Hey, readers! I thought a good way for us all to wind down from Bout of Books is to go from one medium to another, and what better way to veg out than a good movie? At first I was going to put together a list of queer Asian movies, but it turns out that I don’t know too many off the top of my head. (Shame on me; I’ll have to catch up on watching some this year.) Instead I’ve picked some films with great queer Asian characters and generally happy tones. (None of those tragic love stories for this blog.)
1.Yes or No (Yak Rak Ko Rak Loei, 2010) – Both main characters!
This movie follows Pie, a marine biology student, as she struggles to share a dorm with her new roommate, Kim, an agriculture student, whom Pie suspects of being a lesbian. The story is fairly run-of-the-mill LGBTQ fare (the Thai title translates loosely to “let’s love as we wish”), but the movie itself is revolutionary for being the first lesbian romance in Thai cinemas. I especially liked learning about the LGBTQ culture in another country (the labeling of different types of lesbians as “toms,” butch lesbians, or “dees,” feminine lesbians and the expectation of both masculine/feminine elements in LGBTQ couples). Bonus: there’s also a sequel — and both are on YouTube with slightly dubious subtitles: here and here.
2. But I’m a Cheerleader (1999) – Dolph (played by Dante Basco)
While this film’s focus is on the romance burgeoning between Megan and Graham at a gay conversion therapy camp, there are a surprising amount of PoC side characters: Mike (RuPaul!), Jan (Katrina Phillips), Andre (Douglas Spain) and Dolph (Danta Basco AKA Rufio from Hook or Zuko from Avatar: The Last Airbender).
I recently learned that the director deliberately wanted to cast PoC for side characters because she had been overruled in trying to cast Rosario Dawson as Megan, the film’s protagonist. The producer thought that a PoC actress was not “All-American” enough, which thankfully didn’t sit right with the director.
3. I Can’t Think Straight (2008) – Both main characters!
This storyline is equal parts cheesy and wooden, but I suggest getting through it mainly for the film’s discussion of Middle Eastern culture. The main characters are Tala (British-Jordanian-Palestinian) and Leyla (British-Indian). Tala is known for her multiple broken engagements with men when she meets Leyla and the rest is fairly predictable.
The movie’s director, Shamim Sarif, is also a LGBTQ person of color, and had cast Lisa Ray and Sheetal Sheth (the actresses playing Tala and Leyla) in her previous film, The World Unseen (2007), another lesbian romantic drama.
4. Nick & Norah’s Infinite Playlist – Thom (played by Aaron Yoo)
Tragically the storyline for this film does not center on Aaron Yoo’s character, but instead focuses on the very white heterosexual romance between Kat Denning’s and Michael Cera’s winsome hipsters. Thom plays Cera’s friend and fellow bandmate, a guitarist for The Jerk-Offs. Interestingly, it is oft-repeated that Michael Cera’s character is the only straight musician in an “all-gay band”…so, of course that’s who they focus on. (I’m not bitter.)
Anyway, Thom gets fairly little screen time in the scheme of things but he does get a fairly great line about love and music: “Look, other bands, they want to make it about sex or pain, but, you know, the Beatles, they had it all figured out, okay? I Want to Hold Your Hand. The first single. […] That’s what everybody wants, Nicky. They don’t want a twenty-four hour hump sesh; they don’t want to be married to you for a hundred years. They just want to hold your hand.”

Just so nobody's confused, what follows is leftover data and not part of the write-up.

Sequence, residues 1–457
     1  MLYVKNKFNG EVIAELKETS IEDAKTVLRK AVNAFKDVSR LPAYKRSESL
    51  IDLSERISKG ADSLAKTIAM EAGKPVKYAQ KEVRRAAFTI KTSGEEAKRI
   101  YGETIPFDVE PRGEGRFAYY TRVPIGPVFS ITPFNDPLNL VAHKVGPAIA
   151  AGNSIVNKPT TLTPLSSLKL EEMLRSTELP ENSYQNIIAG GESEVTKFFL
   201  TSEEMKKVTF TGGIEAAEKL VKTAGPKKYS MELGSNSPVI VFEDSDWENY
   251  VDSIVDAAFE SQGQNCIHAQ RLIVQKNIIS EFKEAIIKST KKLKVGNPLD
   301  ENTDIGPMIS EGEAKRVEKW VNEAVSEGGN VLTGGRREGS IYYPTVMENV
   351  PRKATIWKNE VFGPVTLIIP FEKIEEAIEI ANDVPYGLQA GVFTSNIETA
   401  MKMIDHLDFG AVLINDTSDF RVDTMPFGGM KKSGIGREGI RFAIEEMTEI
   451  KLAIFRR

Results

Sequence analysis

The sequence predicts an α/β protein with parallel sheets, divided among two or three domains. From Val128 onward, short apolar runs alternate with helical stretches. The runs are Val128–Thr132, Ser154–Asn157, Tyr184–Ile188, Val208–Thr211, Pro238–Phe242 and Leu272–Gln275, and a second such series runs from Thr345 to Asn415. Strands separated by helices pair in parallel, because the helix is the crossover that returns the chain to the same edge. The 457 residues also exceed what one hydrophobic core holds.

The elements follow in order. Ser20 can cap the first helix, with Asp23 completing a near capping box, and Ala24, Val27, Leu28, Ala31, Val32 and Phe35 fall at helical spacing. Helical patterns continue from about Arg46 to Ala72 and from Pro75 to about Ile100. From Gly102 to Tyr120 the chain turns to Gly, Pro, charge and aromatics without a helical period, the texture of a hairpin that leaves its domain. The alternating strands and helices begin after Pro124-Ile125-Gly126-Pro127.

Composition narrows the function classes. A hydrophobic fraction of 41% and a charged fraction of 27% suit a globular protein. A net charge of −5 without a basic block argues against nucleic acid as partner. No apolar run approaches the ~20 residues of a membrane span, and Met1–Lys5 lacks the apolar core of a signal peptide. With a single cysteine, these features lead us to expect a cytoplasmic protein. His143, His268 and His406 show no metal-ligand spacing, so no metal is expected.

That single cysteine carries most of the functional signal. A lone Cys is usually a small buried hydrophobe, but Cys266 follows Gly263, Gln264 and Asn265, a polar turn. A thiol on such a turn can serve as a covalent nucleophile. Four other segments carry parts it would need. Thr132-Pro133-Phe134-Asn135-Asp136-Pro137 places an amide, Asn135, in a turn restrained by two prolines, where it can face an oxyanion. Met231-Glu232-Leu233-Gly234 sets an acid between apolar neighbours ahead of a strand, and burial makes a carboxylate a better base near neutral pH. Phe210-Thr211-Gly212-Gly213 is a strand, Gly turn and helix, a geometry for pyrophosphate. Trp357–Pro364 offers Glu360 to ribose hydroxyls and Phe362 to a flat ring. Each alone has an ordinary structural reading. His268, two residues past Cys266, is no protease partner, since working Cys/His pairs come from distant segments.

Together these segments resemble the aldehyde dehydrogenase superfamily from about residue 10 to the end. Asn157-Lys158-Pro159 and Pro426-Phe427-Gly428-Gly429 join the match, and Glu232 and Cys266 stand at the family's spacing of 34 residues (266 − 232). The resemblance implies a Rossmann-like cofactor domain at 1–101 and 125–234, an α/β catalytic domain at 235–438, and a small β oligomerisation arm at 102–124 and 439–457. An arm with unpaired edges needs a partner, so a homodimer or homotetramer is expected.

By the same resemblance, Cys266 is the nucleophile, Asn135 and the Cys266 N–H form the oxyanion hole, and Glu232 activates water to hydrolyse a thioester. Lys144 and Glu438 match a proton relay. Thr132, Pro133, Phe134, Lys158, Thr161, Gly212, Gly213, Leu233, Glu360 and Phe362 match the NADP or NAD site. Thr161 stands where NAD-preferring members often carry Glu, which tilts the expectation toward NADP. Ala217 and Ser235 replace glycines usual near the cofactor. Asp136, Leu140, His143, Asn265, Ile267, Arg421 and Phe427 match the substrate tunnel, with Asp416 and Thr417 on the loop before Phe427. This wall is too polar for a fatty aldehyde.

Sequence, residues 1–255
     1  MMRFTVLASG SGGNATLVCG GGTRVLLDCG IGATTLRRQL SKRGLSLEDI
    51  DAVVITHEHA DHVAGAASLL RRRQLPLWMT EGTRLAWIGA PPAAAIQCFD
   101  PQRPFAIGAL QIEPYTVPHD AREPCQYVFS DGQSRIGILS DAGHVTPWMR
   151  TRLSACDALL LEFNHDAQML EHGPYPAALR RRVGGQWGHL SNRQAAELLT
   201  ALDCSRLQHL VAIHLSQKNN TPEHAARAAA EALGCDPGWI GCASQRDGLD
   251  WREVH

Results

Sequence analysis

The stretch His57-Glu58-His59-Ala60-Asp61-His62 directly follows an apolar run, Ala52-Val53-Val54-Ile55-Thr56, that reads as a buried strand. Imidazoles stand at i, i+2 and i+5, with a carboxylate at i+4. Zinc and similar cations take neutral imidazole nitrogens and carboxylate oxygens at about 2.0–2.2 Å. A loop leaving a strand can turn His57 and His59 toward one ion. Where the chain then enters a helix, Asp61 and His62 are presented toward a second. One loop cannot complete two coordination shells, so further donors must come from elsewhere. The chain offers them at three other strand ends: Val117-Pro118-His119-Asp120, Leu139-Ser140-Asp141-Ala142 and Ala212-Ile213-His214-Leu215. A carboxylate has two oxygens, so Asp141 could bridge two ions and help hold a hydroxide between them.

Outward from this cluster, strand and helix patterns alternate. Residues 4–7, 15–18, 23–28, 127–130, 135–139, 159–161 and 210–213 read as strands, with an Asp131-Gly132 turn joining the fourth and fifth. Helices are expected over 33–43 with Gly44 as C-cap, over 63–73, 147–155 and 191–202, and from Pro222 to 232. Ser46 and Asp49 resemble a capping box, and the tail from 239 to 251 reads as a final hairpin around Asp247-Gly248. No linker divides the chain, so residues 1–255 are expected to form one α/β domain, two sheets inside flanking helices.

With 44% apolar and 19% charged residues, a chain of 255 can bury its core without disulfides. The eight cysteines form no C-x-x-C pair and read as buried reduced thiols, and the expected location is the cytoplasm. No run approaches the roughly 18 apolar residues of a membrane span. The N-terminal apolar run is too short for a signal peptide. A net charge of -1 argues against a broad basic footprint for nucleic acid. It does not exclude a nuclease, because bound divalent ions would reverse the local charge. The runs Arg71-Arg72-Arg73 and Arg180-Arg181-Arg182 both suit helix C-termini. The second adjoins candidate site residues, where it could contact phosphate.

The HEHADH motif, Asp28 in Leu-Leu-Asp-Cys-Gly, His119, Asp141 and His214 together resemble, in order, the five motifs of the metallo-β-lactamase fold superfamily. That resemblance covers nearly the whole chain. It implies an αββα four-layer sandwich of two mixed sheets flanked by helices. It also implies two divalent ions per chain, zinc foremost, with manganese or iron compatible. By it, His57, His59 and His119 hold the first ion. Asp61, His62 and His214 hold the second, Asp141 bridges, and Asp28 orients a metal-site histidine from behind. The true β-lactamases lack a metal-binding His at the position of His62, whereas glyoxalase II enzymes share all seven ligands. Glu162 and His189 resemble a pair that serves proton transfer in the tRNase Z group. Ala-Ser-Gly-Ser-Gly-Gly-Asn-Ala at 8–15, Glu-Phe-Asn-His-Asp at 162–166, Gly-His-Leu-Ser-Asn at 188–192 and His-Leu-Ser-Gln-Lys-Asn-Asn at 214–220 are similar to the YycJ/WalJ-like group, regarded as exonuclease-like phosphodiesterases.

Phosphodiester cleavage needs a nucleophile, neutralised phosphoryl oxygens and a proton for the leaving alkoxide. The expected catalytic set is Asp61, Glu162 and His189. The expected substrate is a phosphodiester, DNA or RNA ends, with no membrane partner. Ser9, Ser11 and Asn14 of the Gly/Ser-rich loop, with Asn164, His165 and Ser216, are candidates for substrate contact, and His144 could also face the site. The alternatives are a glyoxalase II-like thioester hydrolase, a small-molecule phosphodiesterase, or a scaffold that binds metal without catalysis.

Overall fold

5. The Wedding Banquet (1993) – Wai-Tung Gao (played by Winston Chao)
Yep, this is an old one. Before Ang Lee conquered Brokeback Mountain, he took on this interracial romantic comedy. Protagonist Wai-Tung is in a happy, long-term relationship with his boyfriend, Simon, when his unsuspecting parents come for a visit and set him up with the “perfect” Chinese women: She speaks five languages, has a PhD, and sings Western. Except she is also hiding a relationship — also with another white man. So, instead (didn’t make sense to me then, doesn’t make sense to me to this day), Wait-Tung and his boyfriend decide it would be best for Wai-Tung to just marry his female artist friend, who is in need of a green card.
Weird stuff happens from here and things get not only melodramatic but disturbing until the happy ending. So, now you’re wondering, then why the hell did you pick this movie if you didn’t even like it?
Readers, there are very few well-known queer Asian characters for me to pick from here, especially in Western cinema. There are a fair amount of LGBTQ movies throughout Asian cinema — and the numbers are growing! — which is amazing. But googling “LGBT characters” versus googling “LGBT Asian characters” yields some very different results. Gone are the neatly compiled lists and charts, replaced instead with scattered East Asian films featuring mostly gay men and some academic blogs and papers.
While it seems the tide may be changing, at least slightly, in literature (those YA books I tackled for Bout of Books give me such hope!), the visual representation of queer Asians still remains quite lackluster in films. (There are some PoC LGBTQ representation in television, but that’s another topic entirely.) Producers and studio heads continue to push the whitewashing of casts (see the recent Exodus: Gods and Kings and director Ridley Scott’s “explanation”), but, with more visible discussions of media representation and diversity in films and books, I believe we will see the beginnings of actual change in the years to come.
As always, if you have a recommendation for Cheri or Chebk, let us know in the comments! Chebk will be back tomorrow to continue our Ultimate Blogging Challenge for January. Happy reading and writing!
PS. The magnanimous Cynthia Griffin allowed me to guest blog on my process of self-editing. You can see it here!